Polish ‘Righteous Among Nations’ Issue Plea for Dialogue as Widely-Panned Holocaust Law Takes Effect
Investigators from Poland’s Institute of National Remembrance (IPN) were empowered as of Thursday to begin checking for potential violations of new legislation that criminalizes discussion of Polish collusion with the Nazi authorities during World War II, as the widely-criticized IPN Act came into force.
Rober Janicki — a representative of the Central Commission for the Prosecution of Crimes Against the Polish Nation — told the Rzeczpospolita newspaper on Thursday that it was “difficult to predict” whether the new law would lead to prosecutions of those deemed to have stated — in the words of the IPN Act — “publicly and contrary to the facts, that the Polish Nation or the Republic of Poland is responsible or co-responsible for Nazi crimes committed by the Third Reich … or for other felonies that constitute crimes against peace, crimes against humanity, or war crimes.”
Zbigniew Ziobro, Poland’s minister of justice, told the same newspaper that it would be up to the Public Prosecutor’s office to determine whether prosecutions were warranted based on the IPN’s investigations. However, the precise powers of the IPN Act are still to be determined by Poland’s Constitutional Court, and President Andrzej Duda is among those said to be opposed to the imposition of a maximum prison sentence of three years for offenders, as well as the application of the act’s provisions outside of Poland.
As the new law came into effect, The Associated Press reported on an article by the veteran Jewish writer Konstanty Gebert, who challenged prosecutors with an article in Poland’s Gazeta Wyborcza daily which he said “may constitute a crime” under the law.
In his piece, Gebert wrote that “many members of the Polish nation bear co-responsibility for some Nazi crimes committed by the Third Reich,” referring to the wartime massacres of Jews by their Polish neighbors in villages like Jedwabne in 1941. He also wrote that “the Polish state committed a crime against peace” when it took part in the Soviet invasion of Czechoslovakia in 1968, among other examples.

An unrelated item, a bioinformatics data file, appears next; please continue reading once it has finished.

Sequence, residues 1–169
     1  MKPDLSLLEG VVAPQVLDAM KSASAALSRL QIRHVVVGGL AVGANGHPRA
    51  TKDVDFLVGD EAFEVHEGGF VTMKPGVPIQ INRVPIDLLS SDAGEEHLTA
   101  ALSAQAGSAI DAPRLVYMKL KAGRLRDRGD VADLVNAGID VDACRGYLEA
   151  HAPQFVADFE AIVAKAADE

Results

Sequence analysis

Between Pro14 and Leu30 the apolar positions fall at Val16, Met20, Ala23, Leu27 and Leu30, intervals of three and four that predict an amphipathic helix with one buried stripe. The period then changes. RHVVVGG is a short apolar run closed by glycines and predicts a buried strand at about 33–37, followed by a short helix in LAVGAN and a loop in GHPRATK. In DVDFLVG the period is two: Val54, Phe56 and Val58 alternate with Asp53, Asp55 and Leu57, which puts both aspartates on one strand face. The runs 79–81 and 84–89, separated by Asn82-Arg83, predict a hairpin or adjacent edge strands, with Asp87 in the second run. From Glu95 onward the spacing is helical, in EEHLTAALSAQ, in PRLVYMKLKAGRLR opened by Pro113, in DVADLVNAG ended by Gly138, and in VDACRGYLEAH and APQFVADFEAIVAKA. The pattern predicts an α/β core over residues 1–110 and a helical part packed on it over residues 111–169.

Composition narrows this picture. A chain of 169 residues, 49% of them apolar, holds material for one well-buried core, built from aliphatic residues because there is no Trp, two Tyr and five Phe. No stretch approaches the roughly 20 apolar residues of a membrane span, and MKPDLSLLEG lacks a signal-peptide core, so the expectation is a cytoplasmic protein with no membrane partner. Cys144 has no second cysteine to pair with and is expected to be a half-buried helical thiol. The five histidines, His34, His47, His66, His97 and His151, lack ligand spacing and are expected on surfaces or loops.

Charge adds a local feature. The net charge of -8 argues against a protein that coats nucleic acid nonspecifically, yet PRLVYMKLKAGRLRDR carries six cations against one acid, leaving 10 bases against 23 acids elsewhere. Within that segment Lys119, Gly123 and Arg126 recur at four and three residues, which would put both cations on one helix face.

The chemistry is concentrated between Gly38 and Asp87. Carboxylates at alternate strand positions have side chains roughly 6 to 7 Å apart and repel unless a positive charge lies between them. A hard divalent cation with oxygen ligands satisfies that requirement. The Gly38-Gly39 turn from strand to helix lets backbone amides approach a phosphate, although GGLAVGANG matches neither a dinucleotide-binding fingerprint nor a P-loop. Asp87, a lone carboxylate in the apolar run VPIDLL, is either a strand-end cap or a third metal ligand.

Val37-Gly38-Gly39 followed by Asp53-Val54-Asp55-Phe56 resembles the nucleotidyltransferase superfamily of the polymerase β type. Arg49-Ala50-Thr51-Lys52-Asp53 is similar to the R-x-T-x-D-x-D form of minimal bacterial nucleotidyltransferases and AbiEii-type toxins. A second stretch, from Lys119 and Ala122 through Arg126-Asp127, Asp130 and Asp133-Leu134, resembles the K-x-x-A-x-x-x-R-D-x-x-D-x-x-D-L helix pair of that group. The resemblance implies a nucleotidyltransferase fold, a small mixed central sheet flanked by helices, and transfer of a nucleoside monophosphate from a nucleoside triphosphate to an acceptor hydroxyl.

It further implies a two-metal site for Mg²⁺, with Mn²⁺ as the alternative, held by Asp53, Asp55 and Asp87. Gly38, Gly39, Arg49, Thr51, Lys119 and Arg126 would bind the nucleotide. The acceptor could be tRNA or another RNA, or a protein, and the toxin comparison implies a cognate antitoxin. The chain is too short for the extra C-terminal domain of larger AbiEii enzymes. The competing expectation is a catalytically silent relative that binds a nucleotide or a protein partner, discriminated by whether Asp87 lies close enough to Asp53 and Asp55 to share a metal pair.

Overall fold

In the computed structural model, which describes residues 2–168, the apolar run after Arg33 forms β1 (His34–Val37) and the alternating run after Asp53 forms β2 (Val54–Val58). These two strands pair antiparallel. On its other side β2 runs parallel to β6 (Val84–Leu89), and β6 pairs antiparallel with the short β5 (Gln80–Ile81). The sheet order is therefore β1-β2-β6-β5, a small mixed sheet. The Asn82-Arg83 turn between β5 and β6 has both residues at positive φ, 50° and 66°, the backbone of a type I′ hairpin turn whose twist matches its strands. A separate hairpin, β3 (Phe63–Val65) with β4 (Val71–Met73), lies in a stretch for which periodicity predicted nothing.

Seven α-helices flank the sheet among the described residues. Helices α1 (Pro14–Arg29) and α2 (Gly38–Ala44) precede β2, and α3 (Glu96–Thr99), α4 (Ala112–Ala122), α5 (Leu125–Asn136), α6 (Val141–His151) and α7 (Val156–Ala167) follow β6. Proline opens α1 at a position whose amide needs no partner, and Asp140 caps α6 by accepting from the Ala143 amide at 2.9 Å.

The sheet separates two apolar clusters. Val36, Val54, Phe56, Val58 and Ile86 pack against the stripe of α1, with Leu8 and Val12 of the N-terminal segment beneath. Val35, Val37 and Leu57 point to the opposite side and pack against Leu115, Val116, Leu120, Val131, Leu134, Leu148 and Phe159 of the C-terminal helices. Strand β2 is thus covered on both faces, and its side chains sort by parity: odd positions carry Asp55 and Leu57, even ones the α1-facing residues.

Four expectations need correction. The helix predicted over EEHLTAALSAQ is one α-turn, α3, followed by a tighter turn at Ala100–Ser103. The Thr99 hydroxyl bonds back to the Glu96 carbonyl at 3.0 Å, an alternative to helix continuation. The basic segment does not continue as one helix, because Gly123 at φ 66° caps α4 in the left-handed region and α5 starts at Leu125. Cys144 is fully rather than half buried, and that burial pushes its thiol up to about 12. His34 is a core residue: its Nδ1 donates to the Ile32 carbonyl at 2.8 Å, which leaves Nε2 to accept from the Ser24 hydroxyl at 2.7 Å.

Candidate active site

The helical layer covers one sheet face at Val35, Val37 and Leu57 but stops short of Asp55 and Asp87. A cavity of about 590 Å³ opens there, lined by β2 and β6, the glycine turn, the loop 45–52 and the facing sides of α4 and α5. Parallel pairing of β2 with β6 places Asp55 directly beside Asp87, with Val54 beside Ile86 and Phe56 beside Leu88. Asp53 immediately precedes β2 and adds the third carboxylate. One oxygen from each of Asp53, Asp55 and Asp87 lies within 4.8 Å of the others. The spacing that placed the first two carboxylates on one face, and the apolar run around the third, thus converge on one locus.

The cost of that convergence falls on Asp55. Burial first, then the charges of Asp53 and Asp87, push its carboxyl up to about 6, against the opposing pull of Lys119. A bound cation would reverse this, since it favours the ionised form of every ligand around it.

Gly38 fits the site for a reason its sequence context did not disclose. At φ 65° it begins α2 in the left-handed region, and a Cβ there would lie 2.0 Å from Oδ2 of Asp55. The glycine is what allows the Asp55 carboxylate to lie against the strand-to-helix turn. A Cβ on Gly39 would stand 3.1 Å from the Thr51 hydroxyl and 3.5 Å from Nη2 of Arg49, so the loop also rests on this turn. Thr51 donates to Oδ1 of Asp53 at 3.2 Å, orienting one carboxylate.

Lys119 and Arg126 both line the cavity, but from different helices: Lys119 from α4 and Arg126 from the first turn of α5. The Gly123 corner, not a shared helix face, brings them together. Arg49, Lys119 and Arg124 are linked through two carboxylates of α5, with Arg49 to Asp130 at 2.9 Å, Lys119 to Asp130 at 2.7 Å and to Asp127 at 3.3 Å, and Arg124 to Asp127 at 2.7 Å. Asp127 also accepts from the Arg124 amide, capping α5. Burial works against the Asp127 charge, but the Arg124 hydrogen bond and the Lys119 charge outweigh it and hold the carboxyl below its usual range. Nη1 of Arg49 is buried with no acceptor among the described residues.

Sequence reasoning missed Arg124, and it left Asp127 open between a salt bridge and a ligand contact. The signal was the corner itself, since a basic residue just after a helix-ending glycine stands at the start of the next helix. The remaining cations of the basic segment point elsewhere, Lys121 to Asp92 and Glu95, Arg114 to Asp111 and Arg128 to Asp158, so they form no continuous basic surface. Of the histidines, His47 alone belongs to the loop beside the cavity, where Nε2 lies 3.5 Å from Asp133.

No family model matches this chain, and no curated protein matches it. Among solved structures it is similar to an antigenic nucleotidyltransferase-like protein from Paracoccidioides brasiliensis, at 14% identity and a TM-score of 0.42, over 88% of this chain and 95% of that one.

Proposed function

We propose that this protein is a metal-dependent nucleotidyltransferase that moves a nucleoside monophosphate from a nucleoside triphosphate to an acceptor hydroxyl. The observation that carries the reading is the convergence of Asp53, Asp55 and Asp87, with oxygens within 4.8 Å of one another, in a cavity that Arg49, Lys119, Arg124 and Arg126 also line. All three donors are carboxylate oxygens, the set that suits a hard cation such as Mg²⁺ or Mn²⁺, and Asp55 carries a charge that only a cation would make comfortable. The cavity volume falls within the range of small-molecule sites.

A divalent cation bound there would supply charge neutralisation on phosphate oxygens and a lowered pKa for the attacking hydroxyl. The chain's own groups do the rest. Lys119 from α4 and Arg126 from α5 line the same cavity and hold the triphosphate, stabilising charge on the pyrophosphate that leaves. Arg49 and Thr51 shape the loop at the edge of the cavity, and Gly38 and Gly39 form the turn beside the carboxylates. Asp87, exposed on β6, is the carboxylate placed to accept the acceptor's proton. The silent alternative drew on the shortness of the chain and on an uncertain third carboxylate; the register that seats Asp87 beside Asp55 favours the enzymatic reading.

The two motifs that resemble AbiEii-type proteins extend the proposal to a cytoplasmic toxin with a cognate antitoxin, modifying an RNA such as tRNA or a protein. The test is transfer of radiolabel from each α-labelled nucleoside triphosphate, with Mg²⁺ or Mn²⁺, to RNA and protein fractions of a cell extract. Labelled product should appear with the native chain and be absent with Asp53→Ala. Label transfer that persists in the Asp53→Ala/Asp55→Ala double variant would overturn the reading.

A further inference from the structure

Several Hebrew-language newspapers in Israel, as well as The Guardian daily in the UK, ran a full-page advertisement on Thursday, signed by Polish citizens who risked their lives to save Jews during the war and were later honored by Yad Vashem, Israel’s Holocaust memorial.
“We, the remaining living Righteous, representing the 6,850 Polish Righteous Among the Nations appeal to the governments and parliaments of Israel and Poland to return to the path of dialogue and reconciliation,” the open letter, addressed to Israeli Prime Minister Benjamin Netanyahu and his Polish counterpart Mateusz Morawiecki, as well as the speakers of the Israeli Knesset and Polish Parliament, declared.
“We ask you not to re-write history. The worst tragedy in the history of our nations was written once and for all during the darkest hour of the Nazi German occupation, of which we are all still victims to this day,” the letter continued. “We do not consent to the escalation of the conflict between Jews and Poles that we are witnessing today.”
“We, the Polish Righteous, who carry the burden of eye-witnessing the truth about the Holocaust along with the Jews, its victims, ask everybody for empathy, judiciousness, and thoughtfulness when creating laws; for responsible media coverage; and for honest and independent historical research,” the letter concluded. “Only then can the issues that need to be explained, be explained. We ask for dialogue and kindness.”